Under the AGO model, the most successful projects have been those in which the receiver is a local organization, individual, company (profit or nonprofit) or group with ties to the community. The receiver should have some construction and/or renovation expertise (and/or property management experience if the housing is, or will be, occupied). The appointed receiver serves as a general contractor for the renovation project and should utilize local contractors, craftsmen, workers and suppliers whenever possible as part of a diversified work force.
The courts, and not the AGO, appoint receivers. Some, individual housing courts maintain lists of qualified and approved receivers for judges to use. Where there is no court-maintained list, judges will look to the petitioner to suggest an individual or organization to serve as a receiver. As the petitioner, the AGO looks to our municipal partners for recommendations, but we also invite potential receivers to contact the AGO directly. If you believe that you are qualified to serve as a receiver and are interested in being considered as a potential receiver, you may contact your local Housing Court, the community development office in your city or town, or you can contact the AGO's Abandoned Housing Initiative Program Director. To be considered, please complete the brief questionnaire and submit it to the AHI Program Director.
Funding a Receivership
The Receivership Statute provides that the receiver may borrow funds to undertake the repairs, to grant mortgages on the property, and/or assign the priority lien to its creditor(s). Appropriate funding sources to finance a receivership might include: rental income (the receiver may rent the property to new tenants to offset the receiver's expenses once the code violations have been eliminated); foundation grants; public, federal, state or municipal programs; and/or private investments. For more information on funding for receiverships, contact the Massachusetts Housing Partnership at 1-877-MHP-FUND.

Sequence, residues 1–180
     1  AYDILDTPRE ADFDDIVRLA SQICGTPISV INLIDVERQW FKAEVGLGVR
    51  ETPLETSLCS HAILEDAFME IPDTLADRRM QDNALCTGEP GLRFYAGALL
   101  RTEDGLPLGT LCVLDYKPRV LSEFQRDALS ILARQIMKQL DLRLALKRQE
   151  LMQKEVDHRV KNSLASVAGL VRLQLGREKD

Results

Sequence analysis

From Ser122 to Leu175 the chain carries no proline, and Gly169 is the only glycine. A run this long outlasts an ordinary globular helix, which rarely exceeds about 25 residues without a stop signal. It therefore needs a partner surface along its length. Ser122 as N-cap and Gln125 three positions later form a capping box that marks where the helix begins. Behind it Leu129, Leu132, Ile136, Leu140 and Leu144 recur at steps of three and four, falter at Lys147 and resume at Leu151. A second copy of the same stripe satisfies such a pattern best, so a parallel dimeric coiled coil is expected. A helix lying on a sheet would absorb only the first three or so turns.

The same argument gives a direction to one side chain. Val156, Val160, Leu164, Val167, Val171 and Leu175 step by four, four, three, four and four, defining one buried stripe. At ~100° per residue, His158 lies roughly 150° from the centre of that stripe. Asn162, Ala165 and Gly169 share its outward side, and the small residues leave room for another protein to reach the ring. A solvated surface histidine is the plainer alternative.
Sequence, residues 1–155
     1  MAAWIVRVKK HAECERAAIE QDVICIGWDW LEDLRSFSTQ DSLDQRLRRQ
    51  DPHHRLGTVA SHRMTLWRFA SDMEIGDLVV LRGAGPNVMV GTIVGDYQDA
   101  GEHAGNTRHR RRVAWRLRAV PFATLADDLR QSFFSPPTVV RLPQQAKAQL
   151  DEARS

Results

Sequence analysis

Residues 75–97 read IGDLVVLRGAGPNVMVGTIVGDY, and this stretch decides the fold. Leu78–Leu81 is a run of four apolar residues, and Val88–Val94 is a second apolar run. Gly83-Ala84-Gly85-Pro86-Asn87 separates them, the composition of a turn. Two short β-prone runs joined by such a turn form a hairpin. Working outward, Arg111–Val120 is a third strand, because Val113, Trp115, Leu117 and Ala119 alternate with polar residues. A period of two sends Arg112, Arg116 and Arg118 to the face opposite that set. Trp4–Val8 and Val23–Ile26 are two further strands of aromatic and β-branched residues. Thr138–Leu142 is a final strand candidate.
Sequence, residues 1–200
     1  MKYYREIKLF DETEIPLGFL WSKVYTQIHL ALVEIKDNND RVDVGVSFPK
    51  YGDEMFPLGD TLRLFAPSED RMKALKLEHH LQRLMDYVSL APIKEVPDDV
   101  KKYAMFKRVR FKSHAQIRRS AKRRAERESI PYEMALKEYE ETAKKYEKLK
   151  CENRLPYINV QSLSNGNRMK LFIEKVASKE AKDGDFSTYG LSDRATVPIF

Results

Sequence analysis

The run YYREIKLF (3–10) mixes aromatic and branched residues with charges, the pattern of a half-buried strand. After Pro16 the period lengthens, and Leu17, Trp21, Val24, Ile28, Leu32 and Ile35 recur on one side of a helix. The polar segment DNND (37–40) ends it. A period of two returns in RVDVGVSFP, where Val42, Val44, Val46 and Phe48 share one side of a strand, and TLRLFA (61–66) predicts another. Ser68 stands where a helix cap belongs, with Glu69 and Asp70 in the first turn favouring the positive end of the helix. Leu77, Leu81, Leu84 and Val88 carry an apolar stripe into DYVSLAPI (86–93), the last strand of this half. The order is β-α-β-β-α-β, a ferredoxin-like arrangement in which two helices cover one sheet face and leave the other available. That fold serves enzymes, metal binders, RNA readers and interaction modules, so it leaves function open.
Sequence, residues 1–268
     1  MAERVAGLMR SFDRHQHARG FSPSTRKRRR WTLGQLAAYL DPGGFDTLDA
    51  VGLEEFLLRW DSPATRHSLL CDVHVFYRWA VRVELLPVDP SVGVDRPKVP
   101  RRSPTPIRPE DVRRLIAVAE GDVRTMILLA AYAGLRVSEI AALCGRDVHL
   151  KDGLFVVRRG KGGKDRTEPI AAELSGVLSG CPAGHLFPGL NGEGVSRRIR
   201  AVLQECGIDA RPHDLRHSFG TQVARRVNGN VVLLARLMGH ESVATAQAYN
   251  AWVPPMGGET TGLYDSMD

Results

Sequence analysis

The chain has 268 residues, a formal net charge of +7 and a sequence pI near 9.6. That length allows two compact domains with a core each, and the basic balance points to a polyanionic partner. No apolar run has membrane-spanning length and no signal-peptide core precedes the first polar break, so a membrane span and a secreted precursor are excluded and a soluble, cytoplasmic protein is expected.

Upon completion of the renovations, the receiver has what is known as a "super lien" which empowers him or her to receive repayment of all outstanding expenses and charges from the absentee owner and all pre-existing creditors of record. If payment is not made, the receiver can foreclose on the property in order to pay off its own debts.
Conclusion of Receivership
Because of the legal nature of a receivership, the property must be disposed of by a public auction. The owner of record, a creditor, or any other prospective purchaser may tender an offer. If it is preferable to the owner of record that he or she retains the property interest after the foreclosure, it is possible to provide incentives to owner-occupiers to bid on a property. For example, a nonprofit receiver could agree to waive the fees, over and above out-of-pocket expenses, in the event that the property is purchased at auction by an owner-occupier. Similarly, the municipality might agree to a reasonable repayment schedule for its outstanding tax lien if the successful bidder at the foreclosure sale turns out to be a bona fide owner-occupier. Note, however that the DOR may require that the municipality foreclose on the tax lien or demand full payment. The options are dependent upon how each municipality lists assets and liabilities.
No matter whom ends up owning the property, at a minimum, the hazards associated with the abandoned housing will have been eliminated and the cost of repair recovered.